He’s the teacher I still think about, though I haven’t seen him for 44 years. You might call that making an impression.
I didn’t find out what became of him until a few years ago, when I was at the Children’s Literature New England conference and met a woman from the teensy little town I grew up in. “I was the librarian at Angier School,” she told me.
And without a pause I asked about my beloved fifth grade teacher. “Whatever happened to him?” I asked, desperate to know if he was still alive, if I could contact him and tell him how much he meant to me all those years ago.
He was awaiting sentencing for statuatory rape of a child, then aged six, whom he had abused for six years. Doesn’t seem to be much mitigation possible with that story. Six years is a long time. My wonderful teacher would have been in his 60s by then.
But there were questions, too. Like WHY was he the best teacher I ever had? And why have so many people responded to this story by telling me that their very-best-teacher-ever had an ‘unnatural’ interest in kids?
Teachers are presumably attracted to teaching because of a compulsion to teach, but perhaps — very occasionally — there’s also a compulsion to be around children for other reasons.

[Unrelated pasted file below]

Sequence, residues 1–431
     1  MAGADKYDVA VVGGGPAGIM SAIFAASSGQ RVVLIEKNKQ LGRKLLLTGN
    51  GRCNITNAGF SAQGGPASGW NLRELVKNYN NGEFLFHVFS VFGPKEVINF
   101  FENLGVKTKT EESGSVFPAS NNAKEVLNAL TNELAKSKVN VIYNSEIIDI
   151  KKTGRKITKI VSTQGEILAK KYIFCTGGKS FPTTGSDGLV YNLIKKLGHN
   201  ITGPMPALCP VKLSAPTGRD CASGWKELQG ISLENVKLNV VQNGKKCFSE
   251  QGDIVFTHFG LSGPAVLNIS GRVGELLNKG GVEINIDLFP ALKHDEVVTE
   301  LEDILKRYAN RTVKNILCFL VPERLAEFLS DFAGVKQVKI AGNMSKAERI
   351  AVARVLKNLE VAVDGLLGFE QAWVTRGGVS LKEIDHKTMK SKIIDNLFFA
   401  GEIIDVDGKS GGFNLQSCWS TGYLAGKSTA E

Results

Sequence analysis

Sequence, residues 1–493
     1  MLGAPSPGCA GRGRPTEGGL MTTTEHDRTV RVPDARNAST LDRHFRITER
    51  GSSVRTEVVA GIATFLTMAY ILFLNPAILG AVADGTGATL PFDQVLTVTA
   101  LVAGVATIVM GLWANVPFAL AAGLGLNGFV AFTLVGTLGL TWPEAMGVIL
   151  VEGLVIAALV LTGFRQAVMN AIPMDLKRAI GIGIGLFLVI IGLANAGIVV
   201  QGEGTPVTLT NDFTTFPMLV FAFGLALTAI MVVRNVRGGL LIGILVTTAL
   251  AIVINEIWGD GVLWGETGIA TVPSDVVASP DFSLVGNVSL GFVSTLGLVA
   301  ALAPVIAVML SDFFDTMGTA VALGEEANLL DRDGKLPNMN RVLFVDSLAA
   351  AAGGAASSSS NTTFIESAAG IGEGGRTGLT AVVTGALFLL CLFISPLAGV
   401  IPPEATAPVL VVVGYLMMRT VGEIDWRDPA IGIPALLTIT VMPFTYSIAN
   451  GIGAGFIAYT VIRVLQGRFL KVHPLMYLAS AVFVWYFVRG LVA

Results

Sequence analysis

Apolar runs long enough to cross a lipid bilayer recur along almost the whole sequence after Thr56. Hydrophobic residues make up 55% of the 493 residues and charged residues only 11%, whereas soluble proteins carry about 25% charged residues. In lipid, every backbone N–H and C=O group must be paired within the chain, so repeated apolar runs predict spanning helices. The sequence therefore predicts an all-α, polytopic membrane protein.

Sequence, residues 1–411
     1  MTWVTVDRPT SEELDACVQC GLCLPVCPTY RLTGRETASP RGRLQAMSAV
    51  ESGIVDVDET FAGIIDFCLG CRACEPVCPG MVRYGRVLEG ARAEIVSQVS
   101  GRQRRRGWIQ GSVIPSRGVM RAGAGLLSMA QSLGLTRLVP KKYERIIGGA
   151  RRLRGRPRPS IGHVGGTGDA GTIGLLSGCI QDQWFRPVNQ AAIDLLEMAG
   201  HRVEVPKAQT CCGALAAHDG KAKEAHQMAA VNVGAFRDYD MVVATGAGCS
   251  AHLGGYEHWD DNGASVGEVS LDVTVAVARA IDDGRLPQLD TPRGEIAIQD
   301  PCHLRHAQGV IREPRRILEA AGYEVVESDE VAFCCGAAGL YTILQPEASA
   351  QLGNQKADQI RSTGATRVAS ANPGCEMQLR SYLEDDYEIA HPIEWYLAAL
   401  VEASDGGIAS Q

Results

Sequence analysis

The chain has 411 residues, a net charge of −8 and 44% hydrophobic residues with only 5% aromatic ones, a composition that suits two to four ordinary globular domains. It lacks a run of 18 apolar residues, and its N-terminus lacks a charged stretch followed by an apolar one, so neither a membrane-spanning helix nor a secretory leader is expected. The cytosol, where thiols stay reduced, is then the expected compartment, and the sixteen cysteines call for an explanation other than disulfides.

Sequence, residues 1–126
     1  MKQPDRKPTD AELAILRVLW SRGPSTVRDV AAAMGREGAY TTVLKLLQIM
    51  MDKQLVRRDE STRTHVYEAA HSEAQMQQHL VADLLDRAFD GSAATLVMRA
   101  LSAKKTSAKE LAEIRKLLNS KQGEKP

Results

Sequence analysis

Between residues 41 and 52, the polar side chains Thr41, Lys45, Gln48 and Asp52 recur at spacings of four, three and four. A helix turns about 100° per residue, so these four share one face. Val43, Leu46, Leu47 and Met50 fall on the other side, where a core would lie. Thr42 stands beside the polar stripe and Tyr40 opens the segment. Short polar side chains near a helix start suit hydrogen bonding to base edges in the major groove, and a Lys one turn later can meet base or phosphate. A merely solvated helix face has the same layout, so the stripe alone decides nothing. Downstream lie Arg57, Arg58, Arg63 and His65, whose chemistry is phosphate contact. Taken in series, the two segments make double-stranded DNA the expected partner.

My best ever teacher was amazing because he loved us, really loved us. Not only did he love us, he needed us. The atmosphere in the classroom was electric, thrilling. We all felt it. We hung on his every word. He was an astonishing teacher. I never had a more inspiring year at school.
I would like to talk to him, still. Partly because I am interested in the darkness that drives people and I imagine a life lived with the dominance of such dangerous, unacceptable desires must be a life of pure and utter hell.
And partly because he was the most important teacher I ever had.
(Here’s the story that reminded me, with thanks to Anne Joseph and the Times Educational Supplement.)